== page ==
Duncan Pemberton and David Nichols provide an overview of the DEBORA (Digital Access to Books of the Renaissance) project, part of the Telematics for Libraries programme. The project aims to investigate the costs involved in the "chain of production" during the creation of electronic versions of rare 16th century books. The project's scope allows for exploration into the construction of an interactive document delivery system based on the Java2 software platform that allows collaborative functionality (to support groups of users) to be added to the client. Extensive usability trials will be undertaken looking at the presentation of digitised books to a cross-section of history scholars (being the intended end users of the system).
The DEBORA (Digital accEss to BOoks of the RenAissance) Project  is funded by the EU Telematics for Libraries programme (project no. 5608) . The aim is to provide public access to rare 16th Century literary resources, currently inaccessible for reasons of preservation, and in doing so to:
To fulfil these general aims the project consists of a number of interconnected threads of work:
The digitised document collection will consist of a number of specially selected 16th Century books chosen to appeal to a wide-ranging and diverse audience. Due to the need for conservation, the original printed works are normally only available for consultation to a small number of experts. Having electronic versions of books available that were often previously physically stored in separate countries throughout Europe aids availability whilst also greatly increasing reader access to such important and sometimes under-utilised resources. The DEBORA project therefore brings these valuable documents to a wider audience through Internet based technologies. As a side effect we can also provide supplementary "value added functionality" to aid user work processes during document access.
At Lancaster we are primarily involved in the specification and production of a demonstration application (called the access client) that facilitates electronic document access. Along with our project partners, who oversee the scanning process and document storage server, the technical side of the project aims to produce a feature rich, fully functional and scaleable digital library solution. Eventually the final prototype will be deployed in a number of user trials at the various DEBORA library test sites.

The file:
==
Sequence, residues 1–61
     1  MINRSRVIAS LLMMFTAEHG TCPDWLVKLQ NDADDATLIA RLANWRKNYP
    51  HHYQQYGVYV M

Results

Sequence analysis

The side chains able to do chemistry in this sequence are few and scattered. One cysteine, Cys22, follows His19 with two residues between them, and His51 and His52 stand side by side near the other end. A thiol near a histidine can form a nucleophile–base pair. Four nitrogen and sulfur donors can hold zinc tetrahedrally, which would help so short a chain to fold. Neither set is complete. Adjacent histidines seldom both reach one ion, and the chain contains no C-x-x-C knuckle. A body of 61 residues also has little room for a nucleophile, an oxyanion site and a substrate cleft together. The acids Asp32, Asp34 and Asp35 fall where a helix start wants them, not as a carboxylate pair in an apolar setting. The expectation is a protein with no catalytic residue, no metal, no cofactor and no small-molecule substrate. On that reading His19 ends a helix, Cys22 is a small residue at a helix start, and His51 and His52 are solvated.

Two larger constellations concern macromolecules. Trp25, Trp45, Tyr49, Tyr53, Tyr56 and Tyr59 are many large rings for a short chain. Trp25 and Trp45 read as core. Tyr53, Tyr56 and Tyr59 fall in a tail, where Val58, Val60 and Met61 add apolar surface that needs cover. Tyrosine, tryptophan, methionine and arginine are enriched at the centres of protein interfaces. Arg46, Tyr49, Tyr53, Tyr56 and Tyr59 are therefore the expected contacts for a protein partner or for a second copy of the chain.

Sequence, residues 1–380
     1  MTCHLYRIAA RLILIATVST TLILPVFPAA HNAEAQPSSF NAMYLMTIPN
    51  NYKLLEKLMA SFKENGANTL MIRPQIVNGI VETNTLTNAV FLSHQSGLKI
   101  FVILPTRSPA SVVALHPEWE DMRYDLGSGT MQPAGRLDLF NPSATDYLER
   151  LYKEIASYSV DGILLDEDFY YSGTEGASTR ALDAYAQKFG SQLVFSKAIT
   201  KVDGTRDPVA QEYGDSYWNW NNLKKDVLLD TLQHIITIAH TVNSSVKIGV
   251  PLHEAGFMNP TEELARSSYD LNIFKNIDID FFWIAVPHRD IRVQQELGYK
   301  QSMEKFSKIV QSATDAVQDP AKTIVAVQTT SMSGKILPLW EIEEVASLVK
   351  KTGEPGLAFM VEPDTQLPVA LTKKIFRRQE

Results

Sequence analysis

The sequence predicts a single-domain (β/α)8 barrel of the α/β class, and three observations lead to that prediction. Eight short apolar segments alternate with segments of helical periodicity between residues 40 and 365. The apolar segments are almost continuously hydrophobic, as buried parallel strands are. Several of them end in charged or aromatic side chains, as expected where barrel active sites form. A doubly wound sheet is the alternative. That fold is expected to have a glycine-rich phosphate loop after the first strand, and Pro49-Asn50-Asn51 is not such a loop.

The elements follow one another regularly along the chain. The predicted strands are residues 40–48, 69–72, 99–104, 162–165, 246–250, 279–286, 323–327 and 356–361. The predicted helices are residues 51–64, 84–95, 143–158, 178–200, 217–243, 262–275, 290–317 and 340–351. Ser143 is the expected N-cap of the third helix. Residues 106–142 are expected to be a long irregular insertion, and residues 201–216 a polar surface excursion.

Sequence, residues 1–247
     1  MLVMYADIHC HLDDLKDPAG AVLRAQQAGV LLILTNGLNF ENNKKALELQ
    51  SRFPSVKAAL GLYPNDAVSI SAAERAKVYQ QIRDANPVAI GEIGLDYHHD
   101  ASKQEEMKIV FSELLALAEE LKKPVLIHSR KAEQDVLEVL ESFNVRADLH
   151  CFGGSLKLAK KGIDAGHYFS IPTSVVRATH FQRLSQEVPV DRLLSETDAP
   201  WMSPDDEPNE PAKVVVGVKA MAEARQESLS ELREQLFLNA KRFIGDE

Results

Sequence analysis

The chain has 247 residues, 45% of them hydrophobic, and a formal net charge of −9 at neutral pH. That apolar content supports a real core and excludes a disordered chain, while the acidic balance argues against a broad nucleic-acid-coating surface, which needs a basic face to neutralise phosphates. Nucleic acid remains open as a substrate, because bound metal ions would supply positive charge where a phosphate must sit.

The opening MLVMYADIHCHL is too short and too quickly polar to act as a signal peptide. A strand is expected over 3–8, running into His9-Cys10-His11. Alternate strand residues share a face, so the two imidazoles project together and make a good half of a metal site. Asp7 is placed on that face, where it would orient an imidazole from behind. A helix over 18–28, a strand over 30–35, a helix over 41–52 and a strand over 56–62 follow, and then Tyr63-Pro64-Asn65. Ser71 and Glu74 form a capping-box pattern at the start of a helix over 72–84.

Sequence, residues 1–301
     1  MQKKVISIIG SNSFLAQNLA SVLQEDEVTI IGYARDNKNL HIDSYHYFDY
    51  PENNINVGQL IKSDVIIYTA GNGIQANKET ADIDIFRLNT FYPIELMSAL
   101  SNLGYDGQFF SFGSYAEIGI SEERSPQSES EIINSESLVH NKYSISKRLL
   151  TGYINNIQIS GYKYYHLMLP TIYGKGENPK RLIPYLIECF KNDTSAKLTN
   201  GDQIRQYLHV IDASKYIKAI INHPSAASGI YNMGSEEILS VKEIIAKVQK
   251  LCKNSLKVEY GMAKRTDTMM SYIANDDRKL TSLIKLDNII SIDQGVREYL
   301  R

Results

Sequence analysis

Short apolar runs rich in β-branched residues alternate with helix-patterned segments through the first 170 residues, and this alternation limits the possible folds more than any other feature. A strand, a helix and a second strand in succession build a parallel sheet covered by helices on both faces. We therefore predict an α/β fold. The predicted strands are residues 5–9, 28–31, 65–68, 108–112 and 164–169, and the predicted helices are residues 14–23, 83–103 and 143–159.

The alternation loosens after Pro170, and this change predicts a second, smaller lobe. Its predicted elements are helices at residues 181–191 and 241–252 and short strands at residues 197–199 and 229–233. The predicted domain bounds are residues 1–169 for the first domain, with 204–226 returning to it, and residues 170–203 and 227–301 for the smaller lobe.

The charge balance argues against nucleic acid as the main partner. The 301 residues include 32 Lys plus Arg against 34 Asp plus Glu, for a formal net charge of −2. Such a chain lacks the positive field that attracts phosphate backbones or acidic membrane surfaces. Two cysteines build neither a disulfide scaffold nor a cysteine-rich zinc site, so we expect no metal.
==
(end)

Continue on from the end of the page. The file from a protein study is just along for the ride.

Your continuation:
Previously, without electronic intervention, such a scenario would be impossible to achieve due to the fragile nature of the documents, and the expense and inconvenience of travel to the libraries where these documents are stored. The delicate nature of the source material poses many problems for the digitisation process itself. Our project partners will examine these production issues and methods in detail. Their work will therefore involve looking into OCR technologies, image extraction and page enhancement technologies, whilst optimising the digitisation process to make it feasible to automate the procedure so that a large number of works can be rapidly and cost effectively produced. Of course the wider the appeal of the corpus the increased interest from potential users, therefore our project partners have undertaken a careful selection process to maximise potential user group interest in the project. The selected corpus of works from our partner libraries includes:
Digital library (DL) software should contain all the services that are provided in traditional libraries. In addition to these services a DL should also provide greater convenience to the user. This means fully exploiting the advantages brought about through using digital technology. We can enhance the users' experience of the digital library providing services that traditionally are not easily possible from paper based media. For example, image enhancement, and page zoom (magnification) to examine fine-detail, etc. It remains to be seen to what extent the target system users (i.e. historians) will accept electronic versions of documents.
The client access application will contain a number of CSCW features that are fully integrated into the viewing software to expand the useful functionality available to the user. Such functionality will be incorporated into the reading section of the tool with the basic aim of simplifying the user's work processes involved in accessing, and searching information contained in the digital library. We therefore aim to prototype some novel cooperative work functionality  designed to enhance the experience of reading renaissance documents in an on-line scenario. This work builds on the work previously done at Lancaster on the Ariadne project  and .